The most interesting piece of dialogue we can have is the unconscious dialogue that continuously takes place between the created work of art and each member of the audience. It’s very intimate, private, deep. It’s personal even when there are hundreds of people in the room at the same time. There is intimate dialogue, and collective dialogue, happening simultaneously. And there is another dialogue that goes on in your mind, as you think over the film. Sometimes it’s very hard to express these feelings in words. That’s why I think film journalism is one of the most difficult jobs! Because you need to put into words those feelings from your subconscious. A good film affects you, your body feels different. That is the power of art.

What I’ve learned in my career as a storyteller is that—if I’m not willing to go all the way, to be brave enough, to be honest, to open myself up as an artist, to be willing to allow my subconscious to influence my film—there is a danger that the film becomes flat. I need to be able to give the audience this complexity. A film can have this complexity and still be very easy and entertaining to watch—they are not opposites.

As a director, my job is to entertain the audience, so that they are willing to digest what I want to say. If they are bored, and not travelling with the film, I can’t deliver to them the heart of my film. It’s good to remember that we need to have all those layers in a film. You need to face your own fears and anxiety, your feelings of insecurity and artistic impotence, during filmmaking. You need this to be able to reach that honest space where the film becomes organic, a living entity by itself.

My biggest fear—in theatre and cinema—is what if my creation is not living? What if it dies? That’s why I try to keep the process alive. I try to help the other beautiful artists I work with, to keep that living process going. As a director, one of my responsibilities is the atmosphere. What kind of atmosphere do we have here, to create art? At what level of honesty can we all work? If I try to act like a better human being than I really am, then the honesty has already been compromised. I have learnt, and I am learning.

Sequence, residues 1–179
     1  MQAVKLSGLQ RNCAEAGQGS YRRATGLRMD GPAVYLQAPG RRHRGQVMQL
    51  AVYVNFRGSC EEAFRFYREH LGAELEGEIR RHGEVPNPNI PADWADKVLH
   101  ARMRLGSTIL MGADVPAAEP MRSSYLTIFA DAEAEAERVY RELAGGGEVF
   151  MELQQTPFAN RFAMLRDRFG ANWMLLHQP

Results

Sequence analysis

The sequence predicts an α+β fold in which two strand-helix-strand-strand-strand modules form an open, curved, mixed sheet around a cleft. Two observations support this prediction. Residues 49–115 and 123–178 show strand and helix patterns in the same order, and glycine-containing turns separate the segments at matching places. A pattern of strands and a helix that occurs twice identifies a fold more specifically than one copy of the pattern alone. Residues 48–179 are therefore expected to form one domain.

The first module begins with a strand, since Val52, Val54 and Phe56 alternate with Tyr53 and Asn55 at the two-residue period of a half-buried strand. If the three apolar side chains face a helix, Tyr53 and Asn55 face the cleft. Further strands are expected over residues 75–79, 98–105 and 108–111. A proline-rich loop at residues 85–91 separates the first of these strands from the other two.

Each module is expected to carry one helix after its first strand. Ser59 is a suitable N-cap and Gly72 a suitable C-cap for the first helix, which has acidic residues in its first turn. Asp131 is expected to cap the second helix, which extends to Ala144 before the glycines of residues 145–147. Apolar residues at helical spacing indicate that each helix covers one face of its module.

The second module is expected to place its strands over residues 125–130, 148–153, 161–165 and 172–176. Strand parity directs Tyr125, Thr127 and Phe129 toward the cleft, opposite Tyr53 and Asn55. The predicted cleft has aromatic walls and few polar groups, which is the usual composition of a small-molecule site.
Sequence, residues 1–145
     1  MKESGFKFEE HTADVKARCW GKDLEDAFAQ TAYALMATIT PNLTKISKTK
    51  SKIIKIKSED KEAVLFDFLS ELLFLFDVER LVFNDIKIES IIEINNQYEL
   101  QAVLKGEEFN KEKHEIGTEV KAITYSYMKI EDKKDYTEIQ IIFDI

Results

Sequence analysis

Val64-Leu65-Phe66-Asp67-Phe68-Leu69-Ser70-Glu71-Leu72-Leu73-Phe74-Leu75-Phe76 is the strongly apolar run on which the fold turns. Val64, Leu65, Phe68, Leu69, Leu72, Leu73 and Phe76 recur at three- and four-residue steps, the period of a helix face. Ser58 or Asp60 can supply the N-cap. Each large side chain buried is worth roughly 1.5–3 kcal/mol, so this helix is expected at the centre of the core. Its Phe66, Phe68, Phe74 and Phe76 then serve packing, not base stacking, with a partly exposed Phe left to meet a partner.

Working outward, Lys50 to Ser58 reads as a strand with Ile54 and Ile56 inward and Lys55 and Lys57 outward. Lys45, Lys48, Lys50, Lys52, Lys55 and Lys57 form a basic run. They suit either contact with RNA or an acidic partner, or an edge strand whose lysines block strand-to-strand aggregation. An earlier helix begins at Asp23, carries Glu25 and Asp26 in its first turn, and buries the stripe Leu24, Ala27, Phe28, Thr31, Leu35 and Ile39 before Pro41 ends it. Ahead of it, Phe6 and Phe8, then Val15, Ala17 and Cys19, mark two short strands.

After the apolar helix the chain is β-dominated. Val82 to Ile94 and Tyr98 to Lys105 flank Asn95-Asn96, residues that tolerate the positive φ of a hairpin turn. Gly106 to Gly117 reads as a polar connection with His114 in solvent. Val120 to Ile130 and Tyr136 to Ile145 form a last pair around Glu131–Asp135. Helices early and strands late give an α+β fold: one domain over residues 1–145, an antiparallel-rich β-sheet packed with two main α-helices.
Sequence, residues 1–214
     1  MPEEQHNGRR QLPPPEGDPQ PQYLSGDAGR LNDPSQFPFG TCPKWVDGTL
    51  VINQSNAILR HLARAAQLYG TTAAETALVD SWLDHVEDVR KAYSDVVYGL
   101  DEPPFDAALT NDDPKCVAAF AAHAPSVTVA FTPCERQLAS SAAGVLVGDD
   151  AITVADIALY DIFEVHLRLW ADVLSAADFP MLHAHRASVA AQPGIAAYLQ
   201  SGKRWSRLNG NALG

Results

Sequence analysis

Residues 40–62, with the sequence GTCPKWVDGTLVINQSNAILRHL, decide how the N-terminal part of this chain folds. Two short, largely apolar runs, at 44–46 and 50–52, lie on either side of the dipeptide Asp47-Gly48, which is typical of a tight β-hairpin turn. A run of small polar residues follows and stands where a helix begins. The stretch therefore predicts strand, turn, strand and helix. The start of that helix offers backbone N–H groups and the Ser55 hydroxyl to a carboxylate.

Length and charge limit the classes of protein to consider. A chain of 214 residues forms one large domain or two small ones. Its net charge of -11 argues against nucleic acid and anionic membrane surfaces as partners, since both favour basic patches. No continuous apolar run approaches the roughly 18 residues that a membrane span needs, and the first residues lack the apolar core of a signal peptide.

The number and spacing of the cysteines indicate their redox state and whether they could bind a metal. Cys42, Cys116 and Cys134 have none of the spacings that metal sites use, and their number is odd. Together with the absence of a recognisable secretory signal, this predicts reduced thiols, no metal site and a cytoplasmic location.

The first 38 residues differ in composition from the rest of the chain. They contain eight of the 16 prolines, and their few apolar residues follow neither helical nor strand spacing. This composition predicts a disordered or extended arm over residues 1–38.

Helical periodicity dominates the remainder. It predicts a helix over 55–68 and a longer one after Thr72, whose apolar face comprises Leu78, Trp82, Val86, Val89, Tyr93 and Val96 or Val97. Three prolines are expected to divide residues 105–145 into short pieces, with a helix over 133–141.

I like filmmakers who have a strong vision, and a truthful quality. I like it when they have their own signature—Lars von Trier for example. When I watch his films, I feel that it was absolutely necessary for him to make that film. And that it had to be made in the specific way he made it. He has that quality. But am I the biggest fan of Lars von Trier, do I like every film made by him? That’s not the point here. The point is that I can recognise if somebody has put everything of themselves into their film, and I can see his or her handwriting all over the film.

I want to do that too. I want to put everything into my film. The biggest compliment a film director can get is someone telling them, “I felt that it was completely your film, I saw you in that film.”

I don’t see any barriers between arthouse or entertaining films. I’m very inspired by Spielberg’s films. He’s so visual. The thing about Steven Spielberg is that, his way of thinking, his cinematic language happens to closely match the taste of the mainstream audience. But that doesn’t mean anything, he is truly an artist. Raiders of the Lost Ark—is it not art?

Take Hitchcock. Truffaut went to America and wrote this book about Hitchcock, after that, Hitchcock was considered an artist. Before that, he was just an entertainer. Or think about Clint Eastwood—he started as an actor and then became a director. After Unforgiven, he has made some strong films, like Mystic River. Can you say what he’s done is not art?

That is why I love cinema. There are no barriers. It’s important for every director to find their own language and handwriting. That’s the kind of director I am inspired by, and that is the kind of director I hope to be. Stanley Kubrick for instance. Pedro Almodóvar. They don’t need to be big names though.

There are so many ways to make a film. A film can be so many different things. One important aspect is the writing—everything starts from there, and ends there as well. The film is after all, a linear concept. It is one movement. But all this is theory. Practically, a film is a very concrete thing, made of many parts. Sidney Lumet is very clear about this in his book. But at the same time, people have said that he’s the kind of director who has done everything. If you look very carefully though, at what he has done, I think that his handwriting is more invisible. I see it, and I love it, but it’s not that apparent. This also depends on what material you work with.

If you are working with the work of American playwrights, like he did, their plays are like food for the actors—their work is so strong. It has a strong voice. And you have cast very good actors. And then, as a director, you do your job so well, that you start to be invisible. People can see, hear, smell, taste the writing and the actors, but not the director so much. This is also a very beautiful way to make films. This doesn’t mean you don’t see the handwriting. This quality is now the handwriting. It’s just a different pen, or a different way of using the pen.

Take Aaron Sorkin, who I think is a very good writer. There was an interesting roundtable conversation—Darren Aronofsky and Aaron Sorkin spoke about screenwriting. Their methods are very different. Their films are also very different. But they had a great dialogue.

If you look at classical American playwrights like David Mamet—the language itself has a strong voice. Not just the cinematic language, but the way it is written even. This is common to both theatre and cinema.